She swung around in time to watch it cross the balcony and start up the steps toward her. It was a man now, she could see his shape in the obscuring cloud of shadow and firefly flickers of light. The sphere was silent in her arms. It wasn’t going to help them. He was on the top step a hand’s breadth away and she could see his face. An old man’s face, but hideous with greed and somehow inhuman, like a death mask.
Then Madeline felt a concussion, and there was a searing white light. She blinked and found herself sitting on the step, staring at the cave of crypts, and everything rippled like a hot stone-paved street on an intense summer day.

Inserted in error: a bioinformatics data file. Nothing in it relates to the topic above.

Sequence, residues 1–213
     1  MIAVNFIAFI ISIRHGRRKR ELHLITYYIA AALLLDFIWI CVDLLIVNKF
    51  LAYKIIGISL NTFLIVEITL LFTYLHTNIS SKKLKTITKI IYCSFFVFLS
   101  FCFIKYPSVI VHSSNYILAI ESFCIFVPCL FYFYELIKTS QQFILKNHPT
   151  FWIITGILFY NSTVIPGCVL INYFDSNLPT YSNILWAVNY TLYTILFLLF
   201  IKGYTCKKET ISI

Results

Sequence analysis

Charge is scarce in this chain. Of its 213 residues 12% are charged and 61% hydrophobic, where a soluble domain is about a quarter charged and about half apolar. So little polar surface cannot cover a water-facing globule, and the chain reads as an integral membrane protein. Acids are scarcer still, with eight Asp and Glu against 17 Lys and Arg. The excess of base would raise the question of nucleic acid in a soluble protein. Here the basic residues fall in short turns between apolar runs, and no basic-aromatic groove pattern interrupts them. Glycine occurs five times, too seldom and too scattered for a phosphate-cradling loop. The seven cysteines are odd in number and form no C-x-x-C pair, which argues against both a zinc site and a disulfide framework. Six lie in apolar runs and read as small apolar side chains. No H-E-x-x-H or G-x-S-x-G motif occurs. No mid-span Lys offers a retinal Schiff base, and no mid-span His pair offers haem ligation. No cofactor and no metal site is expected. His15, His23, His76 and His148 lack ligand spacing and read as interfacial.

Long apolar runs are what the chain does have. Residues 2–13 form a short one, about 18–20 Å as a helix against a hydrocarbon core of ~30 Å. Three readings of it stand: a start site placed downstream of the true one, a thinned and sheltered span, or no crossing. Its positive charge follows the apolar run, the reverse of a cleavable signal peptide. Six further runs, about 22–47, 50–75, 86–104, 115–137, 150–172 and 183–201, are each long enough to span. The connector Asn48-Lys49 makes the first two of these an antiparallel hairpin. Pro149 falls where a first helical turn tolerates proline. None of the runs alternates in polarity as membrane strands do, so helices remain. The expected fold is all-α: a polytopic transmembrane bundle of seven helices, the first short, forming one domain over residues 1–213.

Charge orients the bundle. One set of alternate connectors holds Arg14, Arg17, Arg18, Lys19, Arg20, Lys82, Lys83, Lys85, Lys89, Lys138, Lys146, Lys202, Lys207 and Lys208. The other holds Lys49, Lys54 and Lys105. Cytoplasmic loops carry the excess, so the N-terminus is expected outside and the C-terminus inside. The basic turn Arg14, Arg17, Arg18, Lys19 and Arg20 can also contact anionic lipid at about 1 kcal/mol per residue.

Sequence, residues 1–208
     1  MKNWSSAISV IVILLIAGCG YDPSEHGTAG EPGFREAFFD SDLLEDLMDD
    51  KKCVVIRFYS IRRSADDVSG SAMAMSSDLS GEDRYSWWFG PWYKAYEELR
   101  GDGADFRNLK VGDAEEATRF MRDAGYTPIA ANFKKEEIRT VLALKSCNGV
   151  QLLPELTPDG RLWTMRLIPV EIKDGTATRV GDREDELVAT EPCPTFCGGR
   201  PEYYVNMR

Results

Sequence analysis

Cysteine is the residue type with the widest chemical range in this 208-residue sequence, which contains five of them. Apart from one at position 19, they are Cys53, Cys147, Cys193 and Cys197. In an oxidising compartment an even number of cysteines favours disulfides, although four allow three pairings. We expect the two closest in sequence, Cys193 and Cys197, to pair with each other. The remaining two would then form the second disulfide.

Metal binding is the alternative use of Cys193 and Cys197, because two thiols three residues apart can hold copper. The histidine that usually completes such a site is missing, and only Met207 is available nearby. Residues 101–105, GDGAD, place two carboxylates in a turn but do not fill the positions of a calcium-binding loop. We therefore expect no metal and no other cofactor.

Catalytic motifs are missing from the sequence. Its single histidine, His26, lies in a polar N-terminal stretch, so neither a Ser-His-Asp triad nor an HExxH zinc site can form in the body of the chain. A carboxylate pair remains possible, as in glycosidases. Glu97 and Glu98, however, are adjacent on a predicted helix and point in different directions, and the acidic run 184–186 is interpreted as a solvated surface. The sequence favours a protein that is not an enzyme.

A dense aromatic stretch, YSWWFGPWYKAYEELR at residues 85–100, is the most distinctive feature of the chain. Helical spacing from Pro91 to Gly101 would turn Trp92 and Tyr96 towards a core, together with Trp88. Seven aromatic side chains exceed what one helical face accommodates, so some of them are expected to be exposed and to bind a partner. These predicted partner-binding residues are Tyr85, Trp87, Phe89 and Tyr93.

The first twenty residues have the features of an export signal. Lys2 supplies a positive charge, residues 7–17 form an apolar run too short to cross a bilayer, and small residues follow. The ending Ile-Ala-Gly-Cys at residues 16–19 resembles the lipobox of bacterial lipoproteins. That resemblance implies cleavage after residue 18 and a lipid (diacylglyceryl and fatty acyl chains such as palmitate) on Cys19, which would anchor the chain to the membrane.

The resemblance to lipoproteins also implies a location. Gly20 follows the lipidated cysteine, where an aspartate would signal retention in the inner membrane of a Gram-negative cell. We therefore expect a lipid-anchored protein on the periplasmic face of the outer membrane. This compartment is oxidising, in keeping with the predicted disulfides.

The man was nowhere to be seen. Then an instant later her eyes found that unnaturally dark blot of shadow and mist, tumbling back across the crypts, a leaf in a windstorm.
The sphere in her hands was hot and trembling a little.
Sense returned to her and she staggered to her feet and ran after Halle and Ronsarde.
The slope was steeper than Nicholas thought and he couldn’t control his descent. He half-tumbled to land hard on a shelf of rock. He blinked dirt out of his eyes and managed to push himself up, feeling bruised and battered muscles protest. He squinted up the slope toward the narrow opening at the top but the ghouls didn’t seem to be pitching down after him.